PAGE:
(Ask your libertarian friends if they would have supported southern slave owners or King Louis. The myopic temporal shortsightedness of, say, the Cato Institute, is mind boggling.)
If world market capitalism cannot be a process based upon fair and open knowledge, plus equality under law, then the people defending it are hypocrites. If they are not hypocrites, then there should be no problem with every person on Earth knowing who owns what, so that all decisions can be well-informed. (It could be accompanied by all sorts of amnesties and legal assurances against confiscation.)
Indeed, this is the one way to prove that right-handed solutions, empowering all the world's people to participate in fair markets, can engender as much progress as any solution offered by the left.
Heck, if that happened, there would be one staggeringly huge side effect. There'd be lots of UNCLAIMED property. The amount might be so huge that we could do without any taxes, worldwide, for a decade! The undermining of criminal gang wealth, alone, could make the whole thing worthwhile. (Drug dealers and state-corruption kleptocrats would not dare to openly claim most of what they've grabbed.)
Yes, there would also ensue a decade of frenetic lawsuits, where openly-avowed claims overlap. But would not that very process establish the property law we all want to see in those nations?
If that happened, there would be no need - at least on the first order - to confiscate any legitimate property from the honest rich. Moreover, the world's poor would see in this an act of tremendous good faith. One that could thereupon smoothly flow into genuine property rights for everybody, including the poor. One that might also help to forestall any slide into class warfare, a disease that feeds upon resented unfairness, as much as on actual disparity of wealth.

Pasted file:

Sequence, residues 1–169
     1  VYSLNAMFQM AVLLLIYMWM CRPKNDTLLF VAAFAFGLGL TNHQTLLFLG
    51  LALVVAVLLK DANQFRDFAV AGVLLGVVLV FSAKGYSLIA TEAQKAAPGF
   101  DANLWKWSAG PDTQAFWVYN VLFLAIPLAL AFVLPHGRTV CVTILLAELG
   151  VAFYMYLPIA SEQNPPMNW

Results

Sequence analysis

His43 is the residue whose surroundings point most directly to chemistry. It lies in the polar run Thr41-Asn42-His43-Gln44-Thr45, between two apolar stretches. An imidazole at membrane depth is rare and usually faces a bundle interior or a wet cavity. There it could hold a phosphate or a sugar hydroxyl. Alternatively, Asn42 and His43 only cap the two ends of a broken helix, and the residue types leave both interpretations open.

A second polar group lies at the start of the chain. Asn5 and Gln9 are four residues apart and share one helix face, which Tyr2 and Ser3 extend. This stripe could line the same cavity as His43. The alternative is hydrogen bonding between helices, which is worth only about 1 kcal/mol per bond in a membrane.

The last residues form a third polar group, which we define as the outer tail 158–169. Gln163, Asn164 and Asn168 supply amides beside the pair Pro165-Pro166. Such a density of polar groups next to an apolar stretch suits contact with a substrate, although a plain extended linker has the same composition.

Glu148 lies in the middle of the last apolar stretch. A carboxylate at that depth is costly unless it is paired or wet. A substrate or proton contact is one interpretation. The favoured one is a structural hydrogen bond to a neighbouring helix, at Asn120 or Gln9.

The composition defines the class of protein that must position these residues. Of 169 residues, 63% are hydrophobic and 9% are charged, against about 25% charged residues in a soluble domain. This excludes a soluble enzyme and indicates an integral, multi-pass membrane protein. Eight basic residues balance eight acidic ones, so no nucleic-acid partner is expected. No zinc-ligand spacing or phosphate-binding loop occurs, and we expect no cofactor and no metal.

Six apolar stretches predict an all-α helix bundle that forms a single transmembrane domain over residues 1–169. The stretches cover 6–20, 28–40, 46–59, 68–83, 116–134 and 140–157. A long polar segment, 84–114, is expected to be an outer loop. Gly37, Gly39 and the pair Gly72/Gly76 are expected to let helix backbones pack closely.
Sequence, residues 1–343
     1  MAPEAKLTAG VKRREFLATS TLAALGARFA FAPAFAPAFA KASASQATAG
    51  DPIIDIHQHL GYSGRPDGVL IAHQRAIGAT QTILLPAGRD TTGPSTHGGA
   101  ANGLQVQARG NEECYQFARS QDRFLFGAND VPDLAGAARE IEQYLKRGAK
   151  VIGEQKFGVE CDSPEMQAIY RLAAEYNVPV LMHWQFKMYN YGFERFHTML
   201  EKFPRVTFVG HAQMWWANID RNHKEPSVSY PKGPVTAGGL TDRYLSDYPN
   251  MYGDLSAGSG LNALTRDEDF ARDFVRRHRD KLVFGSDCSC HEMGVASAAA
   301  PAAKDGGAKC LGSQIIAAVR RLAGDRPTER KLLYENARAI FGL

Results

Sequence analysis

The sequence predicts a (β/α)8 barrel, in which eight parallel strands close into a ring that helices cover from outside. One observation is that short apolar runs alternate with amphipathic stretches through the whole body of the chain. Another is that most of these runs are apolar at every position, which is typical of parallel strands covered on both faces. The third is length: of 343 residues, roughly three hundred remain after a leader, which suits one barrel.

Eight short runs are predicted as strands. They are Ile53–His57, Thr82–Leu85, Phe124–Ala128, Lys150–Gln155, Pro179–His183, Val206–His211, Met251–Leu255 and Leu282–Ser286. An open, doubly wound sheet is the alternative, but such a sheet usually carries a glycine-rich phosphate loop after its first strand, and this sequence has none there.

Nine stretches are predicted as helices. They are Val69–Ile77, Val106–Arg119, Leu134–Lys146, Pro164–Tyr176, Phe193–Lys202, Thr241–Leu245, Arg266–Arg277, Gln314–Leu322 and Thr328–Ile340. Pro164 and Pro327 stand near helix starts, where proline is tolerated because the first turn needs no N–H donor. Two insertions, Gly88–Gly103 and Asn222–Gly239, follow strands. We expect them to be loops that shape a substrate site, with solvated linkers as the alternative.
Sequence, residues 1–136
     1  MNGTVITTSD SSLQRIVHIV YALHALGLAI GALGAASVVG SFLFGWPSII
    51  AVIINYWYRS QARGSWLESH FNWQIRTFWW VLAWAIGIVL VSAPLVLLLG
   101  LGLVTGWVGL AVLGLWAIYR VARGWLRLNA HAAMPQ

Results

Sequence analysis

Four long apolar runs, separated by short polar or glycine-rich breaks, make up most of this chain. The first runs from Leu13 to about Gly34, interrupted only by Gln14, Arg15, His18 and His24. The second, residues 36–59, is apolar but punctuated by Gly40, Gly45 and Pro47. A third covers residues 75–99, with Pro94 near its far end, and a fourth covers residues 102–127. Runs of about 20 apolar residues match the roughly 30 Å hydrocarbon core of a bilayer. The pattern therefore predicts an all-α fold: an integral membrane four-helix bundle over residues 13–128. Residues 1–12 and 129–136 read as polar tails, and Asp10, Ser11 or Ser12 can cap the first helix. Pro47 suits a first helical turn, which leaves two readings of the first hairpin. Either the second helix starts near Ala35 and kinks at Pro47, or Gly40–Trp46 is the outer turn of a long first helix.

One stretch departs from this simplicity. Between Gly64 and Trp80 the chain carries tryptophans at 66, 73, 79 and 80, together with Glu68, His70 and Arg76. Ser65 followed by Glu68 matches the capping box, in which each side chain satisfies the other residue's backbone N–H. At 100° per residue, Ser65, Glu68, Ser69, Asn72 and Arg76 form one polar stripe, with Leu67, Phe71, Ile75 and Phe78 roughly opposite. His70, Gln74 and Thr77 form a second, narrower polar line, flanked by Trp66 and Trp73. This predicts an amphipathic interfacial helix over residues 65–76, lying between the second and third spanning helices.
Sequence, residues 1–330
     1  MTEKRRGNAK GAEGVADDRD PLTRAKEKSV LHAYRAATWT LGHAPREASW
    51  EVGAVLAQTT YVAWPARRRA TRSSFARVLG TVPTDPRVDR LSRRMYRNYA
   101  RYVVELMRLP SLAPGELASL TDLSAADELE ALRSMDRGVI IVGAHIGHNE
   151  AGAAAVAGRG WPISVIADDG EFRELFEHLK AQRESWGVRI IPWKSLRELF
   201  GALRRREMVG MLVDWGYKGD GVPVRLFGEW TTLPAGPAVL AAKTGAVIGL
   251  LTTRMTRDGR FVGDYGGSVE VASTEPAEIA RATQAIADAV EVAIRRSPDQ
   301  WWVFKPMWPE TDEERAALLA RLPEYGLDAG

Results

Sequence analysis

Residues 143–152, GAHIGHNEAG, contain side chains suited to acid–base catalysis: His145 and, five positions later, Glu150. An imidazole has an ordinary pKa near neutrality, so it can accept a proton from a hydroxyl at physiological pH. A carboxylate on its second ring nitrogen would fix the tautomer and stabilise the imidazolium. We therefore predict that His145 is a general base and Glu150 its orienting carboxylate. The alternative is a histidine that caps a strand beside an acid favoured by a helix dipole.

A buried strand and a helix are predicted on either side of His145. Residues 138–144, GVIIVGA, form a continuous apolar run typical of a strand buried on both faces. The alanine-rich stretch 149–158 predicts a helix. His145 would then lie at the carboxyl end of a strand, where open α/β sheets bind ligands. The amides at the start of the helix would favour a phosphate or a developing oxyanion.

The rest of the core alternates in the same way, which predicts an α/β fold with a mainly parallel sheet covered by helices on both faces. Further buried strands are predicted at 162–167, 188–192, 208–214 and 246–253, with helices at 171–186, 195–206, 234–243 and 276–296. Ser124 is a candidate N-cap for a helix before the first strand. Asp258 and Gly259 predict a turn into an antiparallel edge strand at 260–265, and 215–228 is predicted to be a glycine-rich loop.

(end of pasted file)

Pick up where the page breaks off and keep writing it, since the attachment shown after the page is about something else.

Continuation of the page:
Yes, it sounds like science fiction. But is it really all that implausible? Simply to declare, "you all have five years to openly declare that you own what you own." How is that any more unfair to the rich man who must acknowledge that he owns a leaky tanker, than it is to a poor seamstress who must admit that she owns a leaky latrine?
Sorry to have gone on. But this needed some analysis. In any event, I think that it is essential to emphasize this point. It is one thing to point out the genuine conceptual flaws of the socialists "left". I agree for the most part. Marxism is as loony as Rand-ism. A sci fi tale about some other species. Not humanity.
Still, it is another matter to utterly ignore the fantastic hypocrisy of the "right"... to deny that aristocratism is a natural human evil that killed nearly every truly competitive market - and freedom itself - in nearly every human society.
It is the great enemy of the enlightenment and of genuine property rights. Show your honesty by facing that fact. Dealing with it.
And see clearly the problem that lies before us... a new church-state-gentry alliance that has reared up to assail our Enlightenment, yet again.
return to Part 1 of this series